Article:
Desktop version

Home arrow Religion

  • Increase font
  • Decrease font

<<   CONTENTS   >>

Theme 2: Educational Formation

The CPI asks students to see their education not just as gaining information about a wide variety of subjects, but also as a resource for acquiring the skills necessary to become moral and spiritual leaders within the prison. Students arc not simply encouraged to get good grades on their assignments, but are invited to see each task as a means for learning how to engage another’s point of view with respect and charity. In this sense, education becomes an opportunity to enter a learning community for the purpose of nurturing the moral character of oneself, of others, and of the entire community. Our analysis of the application and transition essays revealed that a number of students in the program adopted the view that education is an opportunity for moral and spiritual formation. In the application essays, 15 of the 57 students identified educational formation as an important reason for pursuing a Calvin education, while in the transition essays, 23 of the 57 students indicated educational formation was a key motivation for continuing their Calvin education. Speaking to this motivation, one student stated in his application and transition essays the following:

A: “I am a firm believer that education is important and this program is a great opportunity to enhance my education. ... Education showed me a different path and I credit this to my change in life.”

T: “The biggest change in my life is through education ... that gave me control of my life, and allowed me to sec purpose and meaning to life. Education showed me how to love, honor, and respect the value of life.”

For this student, education is clearly more than exchanging information; it is ultimately about learning how to love, honor, and respect life. In the first quote, the student is heading in this direction, it seems, but can only gesture by way of indicating that education “showed” him “a different path,” even changing his life. But he seems to be unable to specify how exactly he changed, or what kind of change is being identified. Other students have noted similar development, often being quite specific in their transition essays that Calvin’s program has provided them with means for better communicating with others, which in turn leads to having more respect and care for others. In one case, a student claimed that his educational experience helped him to appreciate those who feel helpless in prison and how education can aid in overcoming feelings of helplessness and in fact give one a sense of empowerment: “I hope to use the education I am receiving to show other people who feel helpless, like I did, that they have value, and that they can turn their lives around if they really want to.”

One of the goals of the CPI is to provide students with an opportunity to identify and grow as servant leaders. The following set of quotes illustrates how one student in the program moved from a general claim about wanting to improve oneself and help others to showing more concretely how that might look as a “servant leader.”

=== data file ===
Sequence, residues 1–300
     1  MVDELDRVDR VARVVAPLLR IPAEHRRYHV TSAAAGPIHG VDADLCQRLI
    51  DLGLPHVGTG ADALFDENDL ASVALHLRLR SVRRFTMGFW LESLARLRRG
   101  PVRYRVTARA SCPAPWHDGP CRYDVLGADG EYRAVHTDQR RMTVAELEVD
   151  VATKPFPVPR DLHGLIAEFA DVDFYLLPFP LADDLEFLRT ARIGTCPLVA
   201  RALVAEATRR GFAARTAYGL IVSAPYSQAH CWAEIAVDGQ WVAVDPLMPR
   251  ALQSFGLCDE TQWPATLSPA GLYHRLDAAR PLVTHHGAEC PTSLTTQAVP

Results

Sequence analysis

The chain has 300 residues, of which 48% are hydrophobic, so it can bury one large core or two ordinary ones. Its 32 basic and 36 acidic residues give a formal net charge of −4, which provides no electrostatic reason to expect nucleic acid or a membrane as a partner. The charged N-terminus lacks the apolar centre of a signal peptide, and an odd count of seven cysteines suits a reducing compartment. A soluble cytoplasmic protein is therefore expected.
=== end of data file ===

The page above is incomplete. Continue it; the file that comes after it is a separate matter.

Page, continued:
A: “The main reason I am applying is to better myself and possibly in the future is to help others to benefit from what I have learned.... Another reason is to be able to reinforce my Christian beliefs and to learn more in a structured environment.”

T: “Throughout this past year I have made leaps and bounds in my reading and writing skills, but more than that, I am learning an entirely new way of thinking about life, interacting with other people, building relationships and community, and what it means to be a Christian in a servant leadership role.”

Here again we see a student making a connection between gaining academic skills, such as reading and writing, to thinking about “life” and how he interacts with others, leading him to conclude that he is growing as a servant leader. In the other quotes, we see a similar pattern, namely, that acquiring or improving one’s academic skills translates, in part, into becoming a better person and having the motivation and confidence to serve others:

A: “My reasons for applying to the Calvin Prison Initiative is to solidify my foundation in Christ Jesus, to add purpose to my life, and to surround myself with a community of believers who will hold me accountable and will accept me for who I am and not for what I have done.”

T: “A hunger for education and an ever greater tenacity to discover what other ways I can help others has been a driving force for me. ... I have grown as a writer, as a reader, and a deep thinker. The studies I have taken have pushed me past areas where I was accustomed to quit prior to entering the program. I am eager to see what other capacities of service will present themselves as I press on throughout the next few years.”

Although there was not an overwhelming change in the number of students clearly identifying educational formation through a Christian liberal arts program as concretely contributing to personal development of moral and spiritual leadership, we did in fact see an increase in the number of students who were able to make that connection. Perhaps more importantly, we saw growth in our students’ ability to move from more general claims about the connection between education and moral and spiritual leadership to more specific articulations.

<<   CONTENTS   >>

Related topics